Karina Eakes, left, and her stepmother, Debbie Eakes, right, share the management duties of A Taste In Time in Granite Falls.  They are presented in March 2021 as the business is ready to open.  The Southwest Initiative Foundation supported the company with a microcredit for the cost of renovating the building.  The funds are part of the United States Department of Agriculture's Rural Microentrepreneur Assistance Program.  Contribution to the Fondation Initiative du Sud-Ouest.

Karina Eakes, left, and her stepmother, Debbie Eakes, right, share the management duties of A Taste In Time in Granite Falls. They are presented in March 2021 as the business is ready to open. The Southwest Initiative Foundation supported the company with a microcredit for the cost of renovating the building. The funds are part of the United States Department of Agriculture’s Rural Microentrepreneur Assistance Program. Contribution to the Fondation Initiative du Sud-Ouest.

Opening a Taste In Time has been a journey of almost five years.

Debbie Eakes said they initially hoped to open it in a downtown building that once housed a movie theater, but found it would be too expensive to rehabilitate that building. A retired electrician donated the building that now houses the ice cream shop to El Nido’s birth and family ministries just months before his death. The COVID-19 pandemic delayed the work of its rehabilitation, but everything happened last spring and the store opened its doors.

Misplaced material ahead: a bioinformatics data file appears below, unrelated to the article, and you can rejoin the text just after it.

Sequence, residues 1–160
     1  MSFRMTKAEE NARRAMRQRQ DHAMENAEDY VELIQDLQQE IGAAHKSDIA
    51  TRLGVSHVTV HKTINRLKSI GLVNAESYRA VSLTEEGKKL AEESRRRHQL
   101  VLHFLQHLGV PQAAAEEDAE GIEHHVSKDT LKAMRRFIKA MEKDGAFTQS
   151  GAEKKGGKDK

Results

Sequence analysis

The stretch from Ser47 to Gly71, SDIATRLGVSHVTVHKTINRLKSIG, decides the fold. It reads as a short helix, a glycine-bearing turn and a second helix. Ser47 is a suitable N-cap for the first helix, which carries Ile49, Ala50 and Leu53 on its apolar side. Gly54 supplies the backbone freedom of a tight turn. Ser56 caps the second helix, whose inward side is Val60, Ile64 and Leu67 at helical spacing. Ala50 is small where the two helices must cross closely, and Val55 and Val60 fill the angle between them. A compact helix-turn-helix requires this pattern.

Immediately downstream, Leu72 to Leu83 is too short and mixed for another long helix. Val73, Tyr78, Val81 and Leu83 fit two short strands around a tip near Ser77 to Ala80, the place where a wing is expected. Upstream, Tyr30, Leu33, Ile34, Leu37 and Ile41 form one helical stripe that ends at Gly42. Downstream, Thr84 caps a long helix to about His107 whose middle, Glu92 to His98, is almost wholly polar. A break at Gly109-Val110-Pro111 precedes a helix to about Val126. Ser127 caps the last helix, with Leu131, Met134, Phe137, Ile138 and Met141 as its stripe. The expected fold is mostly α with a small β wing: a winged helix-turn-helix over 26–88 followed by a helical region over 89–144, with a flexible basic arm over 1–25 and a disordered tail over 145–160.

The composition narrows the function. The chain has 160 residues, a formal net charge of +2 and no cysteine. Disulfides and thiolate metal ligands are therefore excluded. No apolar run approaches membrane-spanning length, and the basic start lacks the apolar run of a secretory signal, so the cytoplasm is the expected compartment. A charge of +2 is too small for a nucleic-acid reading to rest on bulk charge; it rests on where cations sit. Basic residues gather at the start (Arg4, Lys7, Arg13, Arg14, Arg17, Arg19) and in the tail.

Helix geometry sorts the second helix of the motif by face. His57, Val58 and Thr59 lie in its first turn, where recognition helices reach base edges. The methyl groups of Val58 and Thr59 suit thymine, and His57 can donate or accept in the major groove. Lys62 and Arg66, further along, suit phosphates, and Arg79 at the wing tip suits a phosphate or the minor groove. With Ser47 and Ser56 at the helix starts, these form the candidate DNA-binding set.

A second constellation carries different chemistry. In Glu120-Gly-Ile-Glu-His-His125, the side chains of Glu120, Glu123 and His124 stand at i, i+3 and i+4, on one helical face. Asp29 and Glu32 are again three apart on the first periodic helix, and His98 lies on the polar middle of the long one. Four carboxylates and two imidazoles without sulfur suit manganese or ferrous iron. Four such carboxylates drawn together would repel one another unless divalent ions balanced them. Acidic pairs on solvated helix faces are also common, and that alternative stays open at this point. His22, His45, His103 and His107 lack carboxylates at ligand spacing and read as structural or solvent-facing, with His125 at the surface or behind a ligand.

Family members and five part-time employees work in the store. Help is very important to Debbie and Mark Eakes as they dedicate a lot of time to the work of El Nido. Debbie’s midwifery duties can require long sleepless nights. Her husband juggles a demanding schedule as a birthing doctor.

While they sometimes hear people asking them how they’re handling all of this, Debbie Eakes said they didn’t feel overwhelmed by any means. “For us, it has always been a passion that we knew we wanted to do,” she said. “This is what we wanted to do. “

Debbie Eakes said she estimates that about a third of customers are visitors who discover the store while exploring downtown Granite Falls. A growing arts scene, a popular popcorn stand, and the tranquil scenery of the Minnesota River in the downtown area draw every visitor.

Of course, the scoops of ice cream and the lunchtime menu attract many locals who don’t need to be introduced downtown. What Debbie Eakes said she appreciated the most was the fact that most customers seem to put their phones away and enjoy each other’s company when they are in the store, just like she did. originally hoped for.

Its 1950s theme and decor is based on her recollection of the Corvettes, an ice cream shop she frequented as a youth in San Diego, California. The San Diego store featured waitresses dressed in 1950s clothing who slapped their gum and treated customers with a California “attitude” that Eakes said she was not yet ready to present to her customers in the United States. Minnesota.

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A Taste In Time is open from 11:30 am to 7 pm Wednesday to Friday; 11:30 a.m. to 8 p.m. on Saturday; and from 1 p.m. to 8 p.m. on Sunday.